Two artists have highlighted Bangla folk art at a global level. These artists have no formal training from any institution.
Shambhu Acharya, from Munshiganj, has given Bengal's patachitra (a folk art form) new life while Sukanta Banik from Dhamrai has revived metal craft. They have brought back the richness of the country’s art and culture. Prime minister Sheikh Hasina and the former British prime minister Tony Blair jointly inaugurated the Bangladesh Festival with Shambhu's patachitra in London in 1999.
Sukanta was determined to take the metal craft of Dhamrai to the world stage. Acharya, whose family comes from Thakurbari of Kalindipara in Munshiganj, has been practising the patachitra tradition of for over 450 years.
On 9 April he was working at home. His son Abhishek Acharya was with him. While working he talked to this correspondent.
It was in 1977. Artist Tofael Ahmed the visited Asutosh Museum and noticed a patachitra painting which was described as the "only Gazir Pata of both of Bengal". He wondered about this as he did not know that there was a patachitra painter in Bangladesh. After returning home, he sought out Durjon Ali from Narsingdi who had a patachitra. Durjon Ali said he bought it from Sudhir Acharya from Munshiganj. Sudhir Acharya is father of Shambhu Acharya. Since then, the fame of patachitra of Acharya family started to spread.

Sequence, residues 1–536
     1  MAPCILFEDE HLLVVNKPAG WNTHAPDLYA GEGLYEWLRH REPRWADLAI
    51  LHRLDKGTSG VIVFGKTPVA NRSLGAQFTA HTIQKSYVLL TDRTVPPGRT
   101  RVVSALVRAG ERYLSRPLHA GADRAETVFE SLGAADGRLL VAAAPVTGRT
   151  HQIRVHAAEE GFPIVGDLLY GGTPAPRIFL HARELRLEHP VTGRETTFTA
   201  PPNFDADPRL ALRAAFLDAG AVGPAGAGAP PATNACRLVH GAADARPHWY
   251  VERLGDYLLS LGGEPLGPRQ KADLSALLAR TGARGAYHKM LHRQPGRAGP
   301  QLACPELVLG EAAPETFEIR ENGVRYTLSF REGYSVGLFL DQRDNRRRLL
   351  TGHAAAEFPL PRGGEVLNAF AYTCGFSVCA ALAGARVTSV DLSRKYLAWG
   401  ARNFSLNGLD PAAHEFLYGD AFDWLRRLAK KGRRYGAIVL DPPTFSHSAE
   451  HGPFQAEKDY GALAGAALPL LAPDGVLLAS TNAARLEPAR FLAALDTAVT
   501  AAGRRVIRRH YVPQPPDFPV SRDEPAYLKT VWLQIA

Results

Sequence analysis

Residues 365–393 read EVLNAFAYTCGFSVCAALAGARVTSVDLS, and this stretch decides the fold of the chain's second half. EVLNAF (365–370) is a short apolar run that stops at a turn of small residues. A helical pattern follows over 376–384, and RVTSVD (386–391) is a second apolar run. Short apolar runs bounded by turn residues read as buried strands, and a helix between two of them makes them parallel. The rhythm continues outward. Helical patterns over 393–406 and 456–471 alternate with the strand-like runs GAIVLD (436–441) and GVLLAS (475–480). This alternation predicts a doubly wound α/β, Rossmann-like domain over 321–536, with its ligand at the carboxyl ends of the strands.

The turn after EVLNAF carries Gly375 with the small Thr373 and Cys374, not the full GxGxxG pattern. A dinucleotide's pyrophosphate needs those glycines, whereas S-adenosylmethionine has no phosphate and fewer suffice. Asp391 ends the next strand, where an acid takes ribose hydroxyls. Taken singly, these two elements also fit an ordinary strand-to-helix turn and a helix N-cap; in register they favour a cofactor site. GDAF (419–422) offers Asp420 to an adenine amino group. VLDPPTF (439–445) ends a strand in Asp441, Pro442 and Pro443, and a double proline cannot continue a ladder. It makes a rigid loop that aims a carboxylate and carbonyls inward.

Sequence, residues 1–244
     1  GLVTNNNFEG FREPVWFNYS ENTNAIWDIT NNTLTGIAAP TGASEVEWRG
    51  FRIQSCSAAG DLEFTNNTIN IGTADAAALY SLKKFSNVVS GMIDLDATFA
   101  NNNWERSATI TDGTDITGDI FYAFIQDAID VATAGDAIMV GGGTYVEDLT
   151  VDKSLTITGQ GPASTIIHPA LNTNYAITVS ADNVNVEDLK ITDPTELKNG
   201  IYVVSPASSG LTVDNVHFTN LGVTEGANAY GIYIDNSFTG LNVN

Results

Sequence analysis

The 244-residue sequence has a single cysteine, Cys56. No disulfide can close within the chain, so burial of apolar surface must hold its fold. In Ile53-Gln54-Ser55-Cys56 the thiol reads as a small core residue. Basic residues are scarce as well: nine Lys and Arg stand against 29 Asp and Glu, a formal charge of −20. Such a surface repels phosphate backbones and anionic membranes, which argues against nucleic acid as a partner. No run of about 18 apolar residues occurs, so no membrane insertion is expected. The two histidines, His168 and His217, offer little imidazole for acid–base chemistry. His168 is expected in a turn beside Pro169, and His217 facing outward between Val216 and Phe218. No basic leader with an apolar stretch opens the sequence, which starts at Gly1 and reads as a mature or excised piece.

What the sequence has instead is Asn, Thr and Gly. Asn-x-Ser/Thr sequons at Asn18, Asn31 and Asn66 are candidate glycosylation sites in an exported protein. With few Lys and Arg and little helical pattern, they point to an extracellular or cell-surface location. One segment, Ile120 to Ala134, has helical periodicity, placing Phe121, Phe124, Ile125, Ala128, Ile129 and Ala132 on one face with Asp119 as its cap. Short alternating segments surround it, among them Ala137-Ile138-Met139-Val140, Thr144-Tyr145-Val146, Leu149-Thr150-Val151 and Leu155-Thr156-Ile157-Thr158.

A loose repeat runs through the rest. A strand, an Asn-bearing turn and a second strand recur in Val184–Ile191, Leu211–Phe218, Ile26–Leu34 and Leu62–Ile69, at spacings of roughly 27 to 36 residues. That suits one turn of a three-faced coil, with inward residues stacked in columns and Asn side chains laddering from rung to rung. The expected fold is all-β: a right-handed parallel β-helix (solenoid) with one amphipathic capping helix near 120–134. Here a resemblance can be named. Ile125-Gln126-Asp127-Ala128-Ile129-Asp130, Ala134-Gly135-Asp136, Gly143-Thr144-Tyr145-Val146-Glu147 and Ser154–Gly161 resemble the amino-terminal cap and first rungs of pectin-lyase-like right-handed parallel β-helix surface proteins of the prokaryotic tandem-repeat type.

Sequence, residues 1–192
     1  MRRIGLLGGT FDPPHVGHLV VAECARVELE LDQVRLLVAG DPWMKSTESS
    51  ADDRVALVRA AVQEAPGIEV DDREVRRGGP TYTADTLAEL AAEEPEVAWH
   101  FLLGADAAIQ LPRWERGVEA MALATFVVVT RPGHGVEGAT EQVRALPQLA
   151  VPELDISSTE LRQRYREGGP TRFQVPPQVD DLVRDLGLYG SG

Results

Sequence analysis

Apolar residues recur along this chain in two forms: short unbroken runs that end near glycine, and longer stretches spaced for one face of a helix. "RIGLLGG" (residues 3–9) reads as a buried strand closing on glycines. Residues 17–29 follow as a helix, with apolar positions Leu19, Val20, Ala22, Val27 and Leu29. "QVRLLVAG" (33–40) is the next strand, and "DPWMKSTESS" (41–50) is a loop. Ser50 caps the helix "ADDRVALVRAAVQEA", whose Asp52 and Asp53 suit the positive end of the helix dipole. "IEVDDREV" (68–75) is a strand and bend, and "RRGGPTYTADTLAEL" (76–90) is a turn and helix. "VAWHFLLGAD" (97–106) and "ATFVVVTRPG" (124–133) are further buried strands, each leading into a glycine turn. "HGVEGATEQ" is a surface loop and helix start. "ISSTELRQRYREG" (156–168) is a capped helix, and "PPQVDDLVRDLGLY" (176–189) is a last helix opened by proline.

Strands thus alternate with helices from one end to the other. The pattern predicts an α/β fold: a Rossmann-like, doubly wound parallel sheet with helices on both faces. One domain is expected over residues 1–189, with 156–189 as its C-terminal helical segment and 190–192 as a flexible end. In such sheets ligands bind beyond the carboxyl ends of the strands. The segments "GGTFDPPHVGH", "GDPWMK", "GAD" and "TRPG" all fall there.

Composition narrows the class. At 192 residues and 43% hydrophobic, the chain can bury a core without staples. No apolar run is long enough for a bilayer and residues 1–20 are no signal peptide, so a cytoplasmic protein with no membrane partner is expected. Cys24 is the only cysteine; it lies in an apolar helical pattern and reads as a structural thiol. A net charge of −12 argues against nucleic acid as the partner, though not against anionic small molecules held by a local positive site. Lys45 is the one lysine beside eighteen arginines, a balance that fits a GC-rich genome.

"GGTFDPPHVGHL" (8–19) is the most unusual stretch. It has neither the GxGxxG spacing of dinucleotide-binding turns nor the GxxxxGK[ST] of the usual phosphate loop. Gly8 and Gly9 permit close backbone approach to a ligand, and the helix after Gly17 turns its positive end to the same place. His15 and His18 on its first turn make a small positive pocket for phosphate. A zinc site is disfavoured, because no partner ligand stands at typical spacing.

Shambhu told Prothom Alo that he mixes modern thought with tradition as a subject in his pata painting.
Sukanta Banik’s brass craft
Sukanta Banik’s old house located in Dhamrai is laden with artifacts of brass. The house is being used as both factory and showroom.
“This is my family business over the last two centuries. I am the fifth generation of my family involved in the business,” Sukanta said.
He said the once thriving business faced obstacles for the first time in 1947. The business was hit hard again in 1971 with a brief better time again from 1978 to 1990.
“The industry started to slump again since 1990 as the fiber, stainless steel, aluminium and ceramic made goods took over the place of brass.”
The industry is also hit hard by lack of qualified artisans as they moved on to other professions. Sukanta had 22 artisans in 2006 while only 6 are still working in the industry.
In the face of such difficulties, Sukanta, a political science graduate, did not flinch from taking up his ancestral business.
Sukanta went to the US with a cultural delegation in 2001, where he displayed his works. The US embassy in 2002 granted him $14,300 to preserve brass-metal craft.
He made a documentary with this fund which was screened and acclaimed in Switzerland in 2007.
The mold by which sculptures are made in Sukanta’s factory is called ‘lost works method.’ The method is unique as no more than one sculpture can be made by this method.
Sukanta said, Dhamrai’s brass metal goods are popular in Europe, Australia and the US. Statues of Buddha, Shiva, Vishnu, Radha-Krishna are particularly popular among the foreigners.
Sukanta’s dream is to transform a part of the house into a museum. It is being refurbished for the purpose.
Artist Hashem Khan told Prothom Alo, “Sukanta’s endeavor is praiseworthy. Brass work is important part of our heritage. It is our duty to preserve this industry.”
* This report, originally published in Prothom Alo print edition, has been rewritten in English by Rabiul Islam and Galib Ashraf.